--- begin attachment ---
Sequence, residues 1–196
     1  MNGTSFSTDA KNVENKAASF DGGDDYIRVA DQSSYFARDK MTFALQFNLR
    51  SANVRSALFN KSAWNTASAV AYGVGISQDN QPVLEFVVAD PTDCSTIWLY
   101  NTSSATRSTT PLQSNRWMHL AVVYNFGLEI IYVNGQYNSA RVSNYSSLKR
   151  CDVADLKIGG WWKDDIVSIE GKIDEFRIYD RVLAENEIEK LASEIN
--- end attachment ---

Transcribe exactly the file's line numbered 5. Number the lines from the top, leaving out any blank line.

   151  CDVADLKIGG WWKDDIVSIE GKIDEFRIYD RVLAENEIEK LASEIN